Needless to say, Wolf doesn't take his verse calmly, instead applying his unearthly groan that he was famous for. The second verse here was the first verse in the original tune but now with some important differences. Wolf's voice finds the horror that Oden's words were only trying to convey, especially the way he belts out the last few words.

I have had my fun, if I never get well no more
I have had my fun, if I never get well no more
Whoa, my health is fadin'
Oh yes, I'm goin' down slow.

Along with Sumlin applying a wonderful rubbery guitar for the first two lines, Wolf (or Dixon) has some lyrical touches to add. Where Oden fretted about "if I don't get well no more," Wolf claims the more emphatic and final "never get well no more." Also, instead of having his health "failing," Wolf has it as "my health is fadin'," making for a much more rich, mysterious image and more downhome too.

The contrast and back-and-forth between Dixon's meditations and Wolf's death spiral is a stark one, repeating itself one more time in the song. In the third verse here, which is also a newly-penned one spoken by Dixon, he goes on to explain himself from the first verse, also ignoring the harrowing details of the second verse that just ended (maybe purposefully to avoid the pain of it).

Now looky here

I did NOT say I was a millionaire

But I said I have spent more MONEY than a millionaire
'Cause if I had a kept all of the money I've already spent,

I'd would have been a millionaire a loooong time ago

And women...? Greeeat, Googly Moogly...

The first few lines draw an important distinction. Dixon's character hasn't tucked away enough money to be rich but he's spent more money than a rich man. In other words, he's basically your average American consumer, tossing away money frivolously- something we now suffer through in our current economic woes. The last line about his lady friends is again a way to brag and comfort himself from the misery we hear in Wolf's verses. The contrast is stunning, considering that the two men are actually just talking up the same guy's grizzly fate from different angles.

Wolf's last verse (the 2nd verse of the original tune) brings us back to down the dire state of the narrator, buoyed along by Sumlin's guitar in the second line

PLEASE write my mama
Tell heeer the shape I'm in
Please write my mother

Tell heeer the shape I'm in

Tell her pray for me

Forgive me for my sins

Note that instead of "mother," Wolf calls her the more informal "mama" the first time. Also, when heard after Dixon's previous verse, we get more context here about what exactly "my sins" are- not just the wasteful spending but also "Great, Googly Moogly..." letting our imagination roam with how many skirts he's chased and cherries he's popped. But one place that Oden does have it over Wolf is in the last lines where the original did sound remorseful and sad about what he's done where Wolf's more powerful voice sounds almost like he's making demands - it's his mom's problem to get him right with God than any worry of his.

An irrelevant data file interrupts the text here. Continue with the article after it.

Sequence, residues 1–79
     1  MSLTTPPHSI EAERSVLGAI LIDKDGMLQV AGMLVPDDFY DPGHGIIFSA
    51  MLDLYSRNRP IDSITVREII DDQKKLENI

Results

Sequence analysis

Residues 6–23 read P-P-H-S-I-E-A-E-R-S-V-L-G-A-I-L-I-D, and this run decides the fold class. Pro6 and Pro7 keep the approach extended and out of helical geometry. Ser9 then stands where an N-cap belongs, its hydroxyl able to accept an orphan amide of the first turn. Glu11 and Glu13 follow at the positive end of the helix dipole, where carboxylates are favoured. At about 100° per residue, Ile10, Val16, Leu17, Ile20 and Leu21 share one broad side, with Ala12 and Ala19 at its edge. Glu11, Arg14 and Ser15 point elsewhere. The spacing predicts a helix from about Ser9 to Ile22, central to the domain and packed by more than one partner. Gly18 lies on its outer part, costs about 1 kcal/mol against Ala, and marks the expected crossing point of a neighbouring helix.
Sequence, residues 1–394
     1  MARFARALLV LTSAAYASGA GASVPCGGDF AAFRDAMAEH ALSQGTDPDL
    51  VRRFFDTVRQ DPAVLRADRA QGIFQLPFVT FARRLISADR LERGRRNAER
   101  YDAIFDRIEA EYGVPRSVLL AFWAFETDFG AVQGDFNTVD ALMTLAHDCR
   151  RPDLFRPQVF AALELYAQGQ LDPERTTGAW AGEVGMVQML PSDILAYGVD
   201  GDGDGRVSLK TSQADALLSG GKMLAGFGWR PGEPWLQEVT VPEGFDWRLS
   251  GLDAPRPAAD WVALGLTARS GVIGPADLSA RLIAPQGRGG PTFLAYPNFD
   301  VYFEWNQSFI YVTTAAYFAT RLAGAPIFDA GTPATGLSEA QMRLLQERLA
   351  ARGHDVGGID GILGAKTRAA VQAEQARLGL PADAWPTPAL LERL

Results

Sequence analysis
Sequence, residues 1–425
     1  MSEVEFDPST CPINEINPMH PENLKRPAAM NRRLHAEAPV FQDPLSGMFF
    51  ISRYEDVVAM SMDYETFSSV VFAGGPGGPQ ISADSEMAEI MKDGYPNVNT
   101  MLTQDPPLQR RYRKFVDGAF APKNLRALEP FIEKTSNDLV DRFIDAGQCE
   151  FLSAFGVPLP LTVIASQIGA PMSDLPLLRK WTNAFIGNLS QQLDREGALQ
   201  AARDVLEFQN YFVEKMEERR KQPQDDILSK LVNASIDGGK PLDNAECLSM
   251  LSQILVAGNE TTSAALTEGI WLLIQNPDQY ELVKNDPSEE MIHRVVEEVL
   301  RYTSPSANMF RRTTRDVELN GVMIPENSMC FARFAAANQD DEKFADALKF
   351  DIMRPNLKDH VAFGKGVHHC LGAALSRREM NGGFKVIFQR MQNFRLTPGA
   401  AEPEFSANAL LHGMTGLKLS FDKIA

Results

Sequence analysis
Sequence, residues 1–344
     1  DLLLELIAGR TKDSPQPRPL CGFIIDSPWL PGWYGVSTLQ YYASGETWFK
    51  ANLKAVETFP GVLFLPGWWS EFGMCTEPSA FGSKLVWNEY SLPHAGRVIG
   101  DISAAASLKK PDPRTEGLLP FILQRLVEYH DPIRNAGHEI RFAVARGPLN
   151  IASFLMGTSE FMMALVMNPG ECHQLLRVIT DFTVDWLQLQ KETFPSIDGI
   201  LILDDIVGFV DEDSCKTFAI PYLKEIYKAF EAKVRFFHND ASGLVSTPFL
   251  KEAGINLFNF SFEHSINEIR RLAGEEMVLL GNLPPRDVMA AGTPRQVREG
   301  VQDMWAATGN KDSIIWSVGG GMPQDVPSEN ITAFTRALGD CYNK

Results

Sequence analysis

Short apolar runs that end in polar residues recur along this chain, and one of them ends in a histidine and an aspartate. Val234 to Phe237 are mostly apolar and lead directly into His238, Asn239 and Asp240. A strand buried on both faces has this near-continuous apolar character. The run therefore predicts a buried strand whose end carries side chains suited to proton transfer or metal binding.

(Wolf's mom was indeed very religious and didn't approve of his fame, saying that he was playing the 'devil's music,' according to The Howlin' Wolf Story DVD)

And that's where Wolf and Dixon left it off. Nothing about the train, the doctor or comforting his mother. But in the way that they shuffled, cut, pasted and mashed up the original like a Frankenstein creation, they transformed the song. Oden had created a great blueprint for something that took on a life of its own. Where he served up a tasty morsel, Wolf and Dixon fried up a juicy steak.

But being a standard, "Going Down Slow" didn't end there. Even before Wolf sank his teeth into the song, it caught the ear of another famous singer. Ray Charles covered the song in 1949, renaming it "I've Had My Fun" (which sounds more upbeat, right?) and skipped the 4th verse, about the train. Like Oden, he also did it in a piano trio format, releasing it as a B-side to his single "Sitting on Top of the World" on the L.A. indie label Swing Time records.

But it was Wolf's version that spread the word and made the song more popular than ever, after it came out in 1962 as the B-side to "You'll Be Mine." For her Atlantic Records debut in 1967, Aretha Arives, the queen of soul did a nice bluesy version, using Oden's original lyrics but asks to write her father instead of her mom, skips the 4th/train verse and redoes the last verse. For a 1974 live album For the First Time...Live, with B.B. King, Bobby Bland also sticks close to Oden's original (nothing about "failin''' or 'mama') in a wonderful, soulful gut-wrenching version. For the 4th verse, Bland and King fight over who's singing it but then cut out the last verse.